Trump tells North Korea to trust US promises as he breaks a huge one


This moment perfectly illustrated the absurdity of Trump's decision to violate the Iran nuclear deal.

While announcing his decision to withdraw from the Iran nuclear deal, Trump claimed he was demonstrating the trustworthiness of the United States.

During his speech at the White House Tuesday afternoon, Trump also announced that his administration was imposing sanctions on Iran that had been waived as part of the agreement.

"Today's action sends a critical message: The United States no longer makes empty threats," he said after detailing those actions.

"When I make promises, I keep them," he continued. "In fact, at this very moment, Secretary [of State Mike] Pompeo is on his way to North Korea in preparation for my upcoming meeting with Kim Jong Un. Plans are being made, relationships are building."

He added that "with the help of China, South Korea, and Japan, a future of great prosperity and security can be achieved for everyone."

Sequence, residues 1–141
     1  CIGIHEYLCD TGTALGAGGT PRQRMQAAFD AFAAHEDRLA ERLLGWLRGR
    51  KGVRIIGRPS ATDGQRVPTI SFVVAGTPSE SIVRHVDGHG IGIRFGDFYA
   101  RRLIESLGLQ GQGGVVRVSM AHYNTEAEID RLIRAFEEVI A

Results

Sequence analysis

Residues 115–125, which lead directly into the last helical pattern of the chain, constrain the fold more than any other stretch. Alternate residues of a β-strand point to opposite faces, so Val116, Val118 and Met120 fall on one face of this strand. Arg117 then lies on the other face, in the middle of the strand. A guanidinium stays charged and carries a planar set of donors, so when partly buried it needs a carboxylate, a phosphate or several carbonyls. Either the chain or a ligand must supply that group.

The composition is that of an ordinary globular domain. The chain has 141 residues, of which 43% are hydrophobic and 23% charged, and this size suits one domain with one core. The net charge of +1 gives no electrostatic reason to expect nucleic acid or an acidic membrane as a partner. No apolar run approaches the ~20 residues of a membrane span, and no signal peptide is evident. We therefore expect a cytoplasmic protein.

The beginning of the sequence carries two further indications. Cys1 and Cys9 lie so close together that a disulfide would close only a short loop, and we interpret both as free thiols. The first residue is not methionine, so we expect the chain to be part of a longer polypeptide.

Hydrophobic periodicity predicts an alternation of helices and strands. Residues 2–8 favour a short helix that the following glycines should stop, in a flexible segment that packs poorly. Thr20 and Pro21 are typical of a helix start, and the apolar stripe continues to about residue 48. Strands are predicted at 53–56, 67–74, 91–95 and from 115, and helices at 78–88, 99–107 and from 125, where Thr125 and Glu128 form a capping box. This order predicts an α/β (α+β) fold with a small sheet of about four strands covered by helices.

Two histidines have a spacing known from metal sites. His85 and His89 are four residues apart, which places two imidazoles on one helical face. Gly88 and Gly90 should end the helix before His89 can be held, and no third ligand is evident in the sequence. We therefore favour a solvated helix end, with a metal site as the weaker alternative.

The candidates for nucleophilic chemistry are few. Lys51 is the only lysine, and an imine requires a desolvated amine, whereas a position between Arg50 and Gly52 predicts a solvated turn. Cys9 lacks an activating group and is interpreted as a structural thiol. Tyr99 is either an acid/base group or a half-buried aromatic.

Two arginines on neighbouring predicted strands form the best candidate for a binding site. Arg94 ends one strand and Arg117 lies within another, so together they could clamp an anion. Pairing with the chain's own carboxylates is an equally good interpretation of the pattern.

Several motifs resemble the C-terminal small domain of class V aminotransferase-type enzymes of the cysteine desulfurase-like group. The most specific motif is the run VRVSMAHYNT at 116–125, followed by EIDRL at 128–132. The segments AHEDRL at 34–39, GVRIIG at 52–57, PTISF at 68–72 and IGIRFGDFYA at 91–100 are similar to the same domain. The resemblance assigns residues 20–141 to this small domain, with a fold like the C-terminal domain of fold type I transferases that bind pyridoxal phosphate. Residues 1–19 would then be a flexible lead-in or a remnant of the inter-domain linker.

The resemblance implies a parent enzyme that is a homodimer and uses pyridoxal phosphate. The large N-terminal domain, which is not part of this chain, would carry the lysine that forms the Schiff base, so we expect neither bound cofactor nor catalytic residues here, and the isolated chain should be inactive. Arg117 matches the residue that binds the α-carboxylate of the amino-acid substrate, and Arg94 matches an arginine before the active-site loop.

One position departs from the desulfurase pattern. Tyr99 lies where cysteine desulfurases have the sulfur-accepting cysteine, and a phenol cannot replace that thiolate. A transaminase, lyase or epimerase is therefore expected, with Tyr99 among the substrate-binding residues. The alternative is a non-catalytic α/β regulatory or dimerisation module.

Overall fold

But those declarations ring hollow coming on the heels of the withdrawal announcement.

Trump's violation of the Iran deal threatens the ability of the United States to be trusted when it seeks agreements from other countries.

As President Obama, who brokered the historic deal, noted immediately following Trump's speech, "The consistent flouting of agreements that our country is a party to risks eroding America’s credibility."

Yet while Trump was in the middle of breaking a multilateral nuclear agreement that the other parties were all complying with, he promised to bring "prosperity and security" to North and South Korea with a multilateral nuclear deal.

And the possibility of the U.S. pulling out of any potential North Korea deal must already be on Kim Jong Un's mind. Newly appointed national security adviser John Bolton was instrumental in doing just that during the George W. Bush administration.

And Trump's own North Korea policy was a reckless mess before all of this, thanks to his various Twitter threats.

But it was particularly strange for Trump to stake his claim to trustworthiness on the fact that he is violating exactly the sort of deal he expects North Korea to enter into.